4. Personally message the people you know who are targets of these attacks. Send them a loving and supportive text or email or card. Call them. Let them know you are a member of their community who loves them and wants them to be there.

There are things we spoonies can do without making ourselves sick and we should do them. I don’t know about you but sitting around doing nothing is untenable for me.

Spoonie Box?

I came across this subscription service for Spoonies the other day. I am not sure how I feel about a business profiting off of chronically ill patients but I am also intrigued and wondering if this could be a useful support tool.

My concern is based on my past experience with subscription boxes. They usually consist of one or maybe two relatively nice interesting things you might like but don’t need and a bunch of smaller crap that no one needs. Ever.

If this follows the same pattern than I’m not sure it would be a worthwhile. Often in Spoonie households money is tight, so making sure you are getting the biggest bang out of every buck is important. This box is $39.99 a month, which is a lot to spend when you aren’t sure what you are getting.

However, the business was started by a Spoonie and they claim they are constantly searching for new and useful tools for managing chronic pain so it’s possible this service could be a way to easily be introduced to new-to-market items that might help manage our spoons.

What do you think? Good idea? Bad idea? Don’t care show me some T&A?

Empathy Fish…

When I am in the throws of a really bad pain period, a week or more usually, I begin to feel less able to cope with life than I am when my pain is well managed. I get irritable, more depressed, and less desirous of activity and company. I also begin to feel anxious and desperate, certain that I’ve hit that point when the pain isn’t going to ebb and I’m going to descend deeper into the depths of pain induced despair.

This past week has been really bad. It might even have been really bad for longer than a week, I’m not sure, I have a tendency to lost track of time as my symptoms worsen. There’s been a hell of a series of weather fronts fucking around in my area and that usually sends me into a downward spiral.

This time, as I sank down into the sea of pain I normally float of top of throughout my day I found an unusual coping mechanism.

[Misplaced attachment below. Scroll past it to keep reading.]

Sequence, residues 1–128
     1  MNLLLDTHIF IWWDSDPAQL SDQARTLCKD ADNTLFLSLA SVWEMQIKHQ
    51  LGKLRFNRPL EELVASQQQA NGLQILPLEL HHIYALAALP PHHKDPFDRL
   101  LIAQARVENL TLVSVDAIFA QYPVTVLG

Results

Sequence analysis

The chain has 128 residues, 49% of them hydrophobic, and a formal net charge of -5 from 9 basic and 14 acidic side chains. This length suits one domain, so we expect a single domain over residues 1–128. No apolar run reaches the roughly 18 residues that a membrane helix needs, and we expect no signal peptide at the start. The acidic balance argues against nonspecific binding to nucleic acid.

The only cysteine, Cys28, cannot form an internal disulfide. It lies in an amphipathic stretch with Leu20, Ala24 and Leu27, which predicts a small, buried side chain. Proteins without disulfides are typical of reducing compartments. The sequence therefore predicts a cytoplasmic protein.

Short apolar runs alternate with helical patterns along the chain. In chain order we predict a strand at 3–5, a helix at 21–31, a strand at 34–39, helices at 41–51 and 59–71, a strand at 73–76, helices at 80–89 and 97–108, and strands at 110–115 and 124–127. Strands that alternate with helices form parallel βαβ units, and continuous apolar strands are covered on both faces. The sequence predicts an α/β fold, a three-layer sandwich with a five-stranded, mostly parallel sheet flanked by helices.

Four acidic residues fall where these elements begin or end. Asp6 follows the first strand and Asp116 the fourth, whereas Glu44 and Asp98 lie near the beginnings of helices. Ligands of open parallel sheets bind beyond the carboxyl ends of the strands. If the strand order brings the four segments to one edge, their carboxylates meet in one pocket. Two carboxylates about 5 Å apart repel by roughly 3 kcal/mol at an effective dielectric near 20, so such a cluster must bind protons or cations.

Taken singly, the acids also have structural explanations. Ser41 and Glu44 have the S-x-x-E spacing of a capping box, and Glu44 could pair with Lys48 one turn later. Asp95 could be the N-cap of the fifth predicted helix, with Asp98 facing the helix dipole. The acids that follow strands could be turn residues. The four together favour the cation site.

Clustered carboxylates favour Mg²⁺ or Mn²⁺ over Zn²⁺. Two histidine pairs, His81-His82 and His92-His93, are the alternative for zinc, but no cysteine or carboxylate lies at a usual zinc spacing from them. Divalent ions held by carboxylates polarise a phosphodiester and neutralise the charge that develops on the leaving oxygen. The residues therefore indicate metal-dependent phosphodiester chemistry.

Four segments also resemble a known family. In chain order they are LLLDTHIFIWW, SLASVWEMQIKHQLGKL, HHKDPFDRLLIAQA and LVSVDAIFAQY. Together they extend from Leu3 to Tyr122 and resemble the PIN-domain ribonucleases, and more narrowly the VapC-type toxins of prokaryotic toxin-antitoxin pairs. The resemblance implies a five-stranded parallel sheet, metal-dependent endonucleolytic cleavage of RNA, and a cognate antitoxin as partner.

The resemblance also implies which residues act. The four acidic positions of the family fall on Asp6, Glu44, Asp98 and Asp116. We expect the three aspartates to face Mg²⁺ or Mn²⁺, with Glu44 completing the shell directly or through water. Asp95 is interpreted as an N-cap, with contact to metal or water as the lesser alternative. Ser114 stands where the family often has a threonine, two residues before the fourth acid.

It started with this guy:


I was lying in my room for yet another endless day and getting really down on myself for not being productive at anything so I grabbed an old copy of the Colorado Revised Statutes, ripped a page out of it, and began drawing. Soon I was painting over the drawing. As I painted I entered that state of “mental flow” where the world withdrew to the background and all that remained was me and this slightly sad, slightly desperate denizen of the deep. The pain receded into the back of my mind and I felt real relief for the first time in days.

So a few hours later I drew this:


He’s a funny guy, all swirls and thorns and angry red eyes. He’s trotting along, doing his thing, despite having no evolutionary tools that would make things easier. Once again I felt better. As I painted I was able to set aside my pain again, as I normally do. Only this time I was able to do it when I hurt too much to do it the way I normally do.

The next day, being no easier than the last rendered several sketches and this lovely lady:


Finally late last night I created this fish after I dreamed about him:


He’s worried. Worried I’ll run out of paper, or paints, or creativity, or maybe he’s worried that the world is going to end. Whichever, he has consumed my worries and taken them as his own, so I can go and sleep.

So apparently painting is one of my new coping skills. Do you have a non-medical coping skill you use during times of high pain levels?


Operation FITYMI…

Fake it till you make it. That’s the motto for today. After a week of chest colds and increasingly bad face and head pain I am pushing through. Ok, I am trying at least.

Last night ended somewhere around 6:30 am with me watching the first half of PBS Masterpiece’s Rebecca. Sleep wasn’t happening. Each time I would feel tired enough to turn out the light I would curl up and the pounding in my head would become the sole source of sensory input. It would pound and pound and pound and pound…

So instead of trying to find a way to sleep through my body’s version of a late night Blue Man Group performance I decided I would just watch something until I could not keep my eyes open.

As a person with photo and audio phobia at times like these it’s interesting to turn to the tv for distraction. I had to put the sound to a level that didn’t cause pain but also didn’t make me strain to hear. I had to significantly lower the brightness on the screen. However, after these things were accomplished my headache and I dove into the mysterious and potentially murderous passions of Maxim DeWinter.

When I awoke this afternoon it was to more strong pounding and a desire to sink into bed and never get up. At moments like this I borrow from the Hunger Games. After Rue has been killed Katniss goes into a quasi catatonic state in the arena. When she comes back to herself she does so with simple instructions.

“It’s time to get up Katniss”, “It’s time to drink water Katniss”.